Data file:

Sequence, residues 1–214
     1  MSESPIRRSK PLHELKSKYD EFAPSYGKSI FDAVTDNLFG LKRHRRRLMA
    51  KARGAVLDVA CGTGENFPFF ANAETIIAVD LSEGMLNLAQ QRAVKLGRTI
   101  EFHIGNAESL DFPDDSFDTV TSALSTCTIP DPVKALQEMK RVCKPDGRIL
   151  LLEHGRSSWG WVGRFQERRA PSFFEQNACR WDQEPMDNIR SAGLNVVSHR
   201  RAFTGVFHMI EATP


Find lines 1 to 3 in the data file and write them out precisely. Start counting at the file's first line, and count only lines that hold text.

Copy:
Sequence, residues 1–214
     1  MSESPIRRSK PLHELKSKYD EFAPSYGKSI FDAVTDNLFG LKRHRRRLMA
    51  KARGAVLDVA CGTGENFPFF ANAETIIAVD LSEGMLNLAQ QRAVKLGRTI